Empowering witchfinders to adopt UX methods
The Survey of Scottish Witchcraft website is a fascinating resource for anyone who wants to learn about the history of witch trials in Scotland. But how usable is it?
About the project
The Survey of Scottish Witchcraft started life as a Microsoft Access database in the late 1990s and contains details of the people who were accused of witchcraft in early modern Scotland. Researched by a project team at the school of History, Classics and Archaeology, the database was also given a web interface by the University’s then Computing Service.
In 2017, Data Science students at the university began using this dataset to create visualisations that brought the data to life. This work eventually led to the creation of an interactive map website in 2019, designed and built by a ‘Witchfinder General’ student intern and colleagues within Learning, Teaching and Web.
Since being launched, the website has received lots of attention from journalists, academics and the interested public, so this was an exciting project to be involved with!
Coaching in UX
The website is maintained by a project team that includes developers, a student worker ‘Witchfinder General’ and our Wikimedian-in-residence. Ahead of the next version launch, they reached out to the UX team for some help and advice around design.
We were asked to help make the user experience of the website as good as humanly possible, which we love to hear, even if it’s not as easy as it sounds!
Our first step is always to meet with the project team and ask lots of questions, such as:
- What’s the project/website goal?
- Who are the website’s users?
- What are the key tasks you expect a user of this website will carry out?
- How much time can your team commit to UX activities?
Given our current focus on supporting the EdWeb2 project, the UX team have limited resources to run UX activities on behalf of other teams. We identified an opportunity to empower the Witchfinder team to own their site’s user experience and we decided to coach members of the project team to conduct their own usability testing.
Given that this was the Witchfinder team’s first experience of UX, we hoped this approach would show the value of UX activities and give them confidence to continue user-centred design practices in the long term. We also recognised the benefit of the team watching users interact with the website they had built, rather than relying on the UX team to present a list of fixes and solutions.
After our initial meeting with the Witchfinder team, we needed a plan, but we had a few challenges to solve:
- This was the first time applying UX methods to the website, so it was almost overwhelming to know where to start. How could we make this process more manageable?
- There were already new designs for improvements, but without seeing someone use the current website, we didn’t know if these were solving real usability problems.
- We were keen to reinforce that UX isn’t a one-time activity that can fix everything in one go. The process may produce more questions than answers, so it takes continued time and resource to keep testing and improving – before and after a website goes live.
What we did
We set up time with Ruby Imrie, the current student worker on the project, and identified some of the priority questions the project team wanted to answer about the new designs, such as:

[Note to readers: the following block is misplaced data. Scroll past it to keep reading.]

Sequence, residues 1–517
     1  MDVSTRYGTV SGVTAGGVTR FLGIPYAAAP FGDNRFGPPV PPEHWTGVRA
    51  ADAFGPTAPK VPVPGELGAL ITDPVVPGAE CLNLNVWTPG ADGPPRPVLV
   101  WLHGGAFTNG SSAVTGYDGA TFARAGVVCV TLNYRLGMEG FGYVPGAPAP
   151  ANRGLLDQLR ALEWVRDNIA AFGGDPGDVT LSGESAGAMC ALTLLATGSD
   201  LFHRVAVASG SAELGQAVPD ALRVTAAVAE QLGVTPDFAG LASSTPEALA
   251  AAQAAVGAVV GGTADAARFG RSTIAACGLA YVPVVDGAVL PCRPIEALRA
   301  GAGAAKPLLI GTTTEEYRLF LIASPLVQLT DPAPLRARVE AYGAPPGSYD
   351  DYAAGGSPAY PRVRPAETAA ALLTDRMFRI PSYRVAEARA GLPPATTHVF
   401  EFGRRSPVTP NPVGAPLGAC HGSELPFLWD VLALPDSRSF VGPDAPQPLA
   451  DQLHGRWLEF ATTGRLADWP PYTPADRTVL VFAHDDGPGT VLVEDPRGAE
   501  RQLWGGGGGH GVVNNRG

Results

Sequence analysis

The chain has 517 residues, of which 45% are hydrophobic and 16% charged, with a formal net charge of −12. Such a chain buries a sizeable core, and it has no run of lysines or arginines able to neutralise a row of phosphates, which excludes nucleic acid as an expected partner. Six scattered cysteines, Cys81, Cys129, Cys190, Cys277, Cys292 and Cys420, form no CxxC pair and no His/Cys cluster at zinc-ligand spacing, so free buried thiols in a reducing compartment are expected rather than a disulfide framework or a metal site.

- Do users understand what the website and homepage is about?
- Do users understand how to filter information?
- Are they able to complete key tasks on the website, e.g. finding details about someone accused of witchcraft?
With the help of Steve Krug’s book ‘Rocket surgery made easy’, we came up with a plan for Ruby to recruit participants and run research sessions to help answer these questions. We were also able to provide resources for creating usability testing scripts and were available to sit in on the sessions and take notes.
Ruby ran five research sessions and asked users to navigate through a test version of the new website and complete key tasks. From this, the project team were able to create a list of issues and planned to speak to developers about how to resolve these and prioritise, based on effort involved.
I caught up with team afterwards to debrief what they had discovered, and it was great to hear that they had learned things from users that they hadn’t noticed themselves! They have also become more involved with the users of the site by going to see plays, book talks and city tours that have been informed by the website, which you can read about in Ruby’s blog posts.
We discussed further opportunities for user research and the Witchfinder team will be running more tests after next iteration of the website is launched. I’ve also encouraged them to reach out to again for further advice and guidance.
Learnings from the project
Throughout this process, I learned that it was important to make UX processes as easy as possible so that they could be maintained by a small team with other responsibilities. There’s a lot of tools and methods available in the world of user research, but the most effective place to start was to simply put the website in front of users and watch them use it.
It’s possible to test a site and get plenty of valuable information, whether the project is at early design stage, or fully live. However, some of the team’s findings needed to be addressed before the new version of the website was launched, so the earlier we can try out ideas with real users, the more time we have to fix problems!
Finally, supporting the project team to carry out their own research gave them opportunity to identify issues for themselves and see their hard work in the hands of users. I hope this gives them more confidence to continue with research activities in the future!